Jimmy and Amanda stared at me.
The bus became noisy again. “Okay, sorry ’bout the subject change. Her song changed, and I didn’t want her to hear.”
“How’d you know her song changed?” Jimmy asked idiotically.
“Uh, because it got quiet,” Amanda and I said together. We laughed about that too. It was still lame.
“Duh,” I said.
“Whatever,” Jimmy said, leaning back in his seat. “You just lost your guy help.”
“Whoa!” Amanda said, her sleaziness shining through.
“Not like that, you dumba**!”
“Well, he said it!”
We were yelling now. The bus driver yelled back for us to shut our mouths.
“Why you got a stick up your butt, Jack? We’re just messing around.”
“Maybe I should put a stick up your butt, Justin.”
I blanched.
While very nice and a good bus driver, it was rumored that Jack was gay.
Jimmy and Amanda burst out laughing. I sunk down in my seat. “Oh my God,” I whispered, terrified. “I’m gonna be sodomized.”
“Sodo-what?”
“Don’t worry about it. It’s probably something you’ve done millions of times.” I sat up. “Now back to the other issue at hand. What should I do?”
“Ignore her until she talks to you first.” Amanda looked assured with what she was saying. “If she’s gonna give you the cold shoulder, give it right back.”
“Um, for a girl, you’re really bad at giving advice. Seriously. Every guy—every smart guy—knows that you’re supposed to talk to her first. She expects you to, if you really care.” Jimmy looked at me. “You do really care, don’t you?”
I gazed at Savannah. “I don’t know. It’s like she’s super-hot or nice or anything.” Truth was, I was joking. Savannah was really hot. Layered, shoulder-length blond-brown hair and sparkly blue-green eyes. Tan skin. Nice body. Yes, she was hott. And although most guys never got to understand her enough to know it, she had a great personality too. Very nice, helping others always before helping herself. Tree-hugger, as our history teacher calls her, recycling and reducing and reusing and whatever.
“Oh my God, you love her, don’t you?” Amanda cried out.
“No, no, no.” I put my hands out, trying to block her words from my mind. “I like her a lot, but I’m not about to call it ‘love’. No. it’s not love. But she is important.”
I was still staring at Savannah. I think she must’ve felt the “love” vibes coming off me because she turned to look at me again. I freaked out and turned the opposite way.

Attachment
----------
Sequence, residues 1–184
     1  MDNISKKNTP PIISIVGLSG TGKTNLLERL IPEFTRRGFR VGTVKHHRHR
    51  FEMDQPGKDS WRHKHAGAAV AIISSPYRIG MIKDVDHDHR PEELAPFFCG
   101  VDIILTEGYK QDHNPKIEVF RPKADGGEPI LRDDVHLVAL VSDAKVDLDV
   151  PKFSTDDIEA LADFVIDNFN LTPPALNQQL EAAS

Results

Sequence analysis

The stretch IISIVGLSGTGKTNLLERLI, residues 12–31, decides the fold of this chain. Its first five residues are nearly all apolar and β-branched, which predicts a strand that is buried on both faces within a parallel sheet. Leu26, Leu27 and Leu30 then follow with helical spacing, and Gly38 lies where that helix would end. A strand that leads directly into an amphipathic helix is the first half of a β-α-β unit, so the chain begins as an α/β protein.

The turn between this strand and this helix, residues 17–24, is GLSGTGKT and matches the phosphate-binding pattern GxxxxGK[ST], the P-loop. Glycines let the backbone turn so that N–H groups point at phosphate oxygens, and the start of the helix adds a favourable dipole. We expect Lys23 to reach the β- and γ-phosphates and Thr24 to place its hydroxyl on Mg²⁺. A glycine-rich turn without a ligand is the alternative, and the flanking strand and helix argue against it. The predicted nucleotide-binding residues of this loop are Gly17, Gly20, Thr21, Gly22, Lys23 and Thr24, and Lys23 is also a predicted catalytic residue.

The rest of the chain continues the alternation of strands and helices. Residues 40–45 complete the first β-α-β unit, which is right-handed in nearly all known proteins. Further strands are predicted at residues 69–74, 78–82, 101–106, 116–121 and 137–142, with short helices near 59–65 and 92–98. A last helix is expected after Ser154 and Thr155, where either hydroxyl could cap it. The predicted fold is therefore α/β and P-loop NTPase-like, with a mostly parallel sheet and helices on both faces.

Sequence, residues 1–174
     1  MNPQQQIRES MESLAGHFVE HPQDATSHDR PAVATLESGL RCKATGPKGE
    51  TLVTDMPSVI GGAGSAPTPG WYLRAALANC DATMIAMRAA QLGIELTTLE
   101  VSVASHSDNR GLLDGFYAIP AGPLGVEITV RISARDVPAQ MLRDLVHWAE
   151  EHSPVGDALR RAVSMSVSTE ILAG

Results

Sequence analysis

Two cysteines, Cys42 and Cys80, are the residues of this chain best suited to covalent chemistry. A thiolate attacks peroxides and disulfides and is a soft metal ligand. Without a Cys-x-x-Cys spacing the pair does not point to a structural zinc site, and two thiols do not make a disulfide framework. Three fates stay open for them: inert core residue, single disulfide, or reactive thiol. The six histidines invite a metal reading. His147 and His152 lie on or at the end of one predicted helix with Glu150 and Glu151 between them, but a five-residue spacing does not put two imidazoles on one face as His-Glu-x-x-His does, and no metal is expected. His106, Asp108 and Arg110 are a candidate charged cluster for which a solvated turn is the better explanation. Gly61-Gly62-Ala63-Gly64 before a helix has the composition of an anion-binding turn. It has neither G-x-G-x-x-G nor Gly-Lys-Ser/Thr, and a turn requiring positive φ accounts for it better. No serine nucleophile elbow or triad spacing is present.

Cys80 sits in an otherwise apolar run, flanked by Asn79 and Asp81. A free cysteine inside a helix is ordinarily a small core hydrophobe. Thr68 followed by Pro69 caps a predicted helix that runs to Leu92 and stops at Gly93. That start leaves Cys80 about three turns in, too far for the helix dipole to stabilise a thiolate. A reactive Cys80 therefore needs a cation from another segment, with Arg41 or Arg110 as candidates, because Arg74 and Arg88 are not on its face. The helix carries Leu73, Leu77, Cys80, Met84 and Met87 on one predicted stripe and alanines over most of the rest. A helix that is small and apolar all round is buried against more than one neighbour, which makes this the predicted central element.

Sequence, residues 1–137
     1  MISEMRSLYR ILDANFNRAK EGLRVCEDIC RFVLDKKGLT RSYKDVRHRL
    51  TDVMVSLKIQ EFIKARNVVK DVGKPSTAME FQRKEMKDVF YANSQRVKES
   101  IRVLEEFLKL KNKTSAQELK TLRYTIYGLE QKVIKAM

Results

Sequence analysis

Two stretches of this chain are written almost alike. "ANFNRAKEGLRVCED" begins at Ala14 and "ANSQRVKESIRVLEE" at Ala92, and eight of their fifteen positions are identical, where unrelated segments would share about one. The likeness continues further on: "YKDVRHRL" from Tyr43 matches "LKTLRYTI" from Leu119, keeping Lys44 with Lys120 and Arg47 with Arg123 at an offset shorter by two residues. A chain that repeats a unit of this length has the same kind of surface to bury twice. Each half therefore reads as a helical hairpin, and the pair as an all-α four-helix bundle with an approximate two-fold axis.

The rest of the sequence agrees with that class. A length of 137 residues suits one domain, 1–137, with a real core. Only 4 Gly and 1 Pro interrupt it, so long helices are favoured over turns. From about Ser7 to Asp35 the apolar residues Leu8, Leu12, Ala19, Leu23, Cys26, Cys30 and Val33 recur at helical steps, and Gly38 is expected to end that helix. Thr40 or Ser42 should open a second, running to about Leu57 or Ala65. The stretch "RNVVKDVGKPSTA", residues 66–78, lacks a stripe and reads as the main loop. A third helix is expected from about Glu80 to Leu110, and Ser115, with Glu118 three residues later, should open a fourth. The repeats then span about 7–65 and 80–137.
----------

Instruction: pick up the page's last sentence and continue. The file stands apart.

“That was a good way to make her think you still want her,” Amanda mused.
“Shut up!” I muttered. “Is she still looking at me?”
“No,” Jimmy said.
“Yes,” Amanda said.
I turned around. The outside world was in control of her thoughts again.
“Bwah. What do I do???”
“Obviously you like her a lot, and don’t seem to trust any of my advice, for whatever reason that is. So why doesn’t the girl-expert give you some of his wonderful words.” Amanda rolled her eyes.
“Well…” Jimmy actually looked thoughtful. “You were supposed to give her some space while she wasd pissed. How long has it been? A few days?”
“A week since she stopped talking to me,” I replied miserably.
“Good. Now she’s just waiting for you to talk to her. She was you to put your dignity on the line for her.”
“That’s stupid,” Amanda said. “I—”
“To normal girls, it tells them you care,” Jimmy interrupted. “Duh. Justin, you need to do something nice for her. Buy her candy or jewelry or something. Something that says, ‘I care about you, even if you’re still pied at me.’ She’ll eat it up. Especially if it’s food.”
Stupid joke on his part.
“How are you such an expert on this?” Amanda asked, trying to find a flaw in his theory.
“I have two older twin sisters. Watching them lets you in on a lot of girl secrets.”
“Then why don’t you have a wonderful girlfriend who you cater to all the time?” She stood, pointing her finger at her. She believed she had her edge.
“Cuz I don’t feel like it,” he answered.
“Don’t feel like it? I bet it’s cuz you can’t get a girl. You’re so—”
“Well, seems like she’ll be at it for a while,” I said to Jimmy as Amanda continued raving. “Are you sure this is gonna work?”
It shouldn’t have mattered. Savannah was just a girl. It wasn’t like we’d be together forever or anything dumb like that. (Like a Twilight ending or something. That’s just kinda creepy.) But she was special to me.
I wanted to make things right.
“I promise. It always worked with my sisters, at least. I think.” Now Jimmy looked thoughtful.
“Oh great. Now you’re not even sure.” I rolled my eyes, but the wheels were turning in my head.
“You never know. Not all girls are the same. As is obvious…” We both looked at Amanda, who had continued her rage, the junior high kids looking at her with fear. “Who knows. Maybe if you do this, she’ll finally sleep with you. That’s a bonus.”
“Yeah,” I replied, raising my eyebrows, a smile raising my lips. “That’d be cool.” I turned to normal sitting position and pulled out my cell phone. The number was still in there from Christmas.
“Hi. I’d like to place an order…” I told them my name and what I wanted. “Also, could you throw in a little something extra? It’s for my girlfriend who’s pis—mad at me.”
“I know just the thing,” the clerk at the other end replied with a slight Boston accent. “What’s you like your card to say?”
“Um…” Hm. What to say… “Oh! How ’bout this?”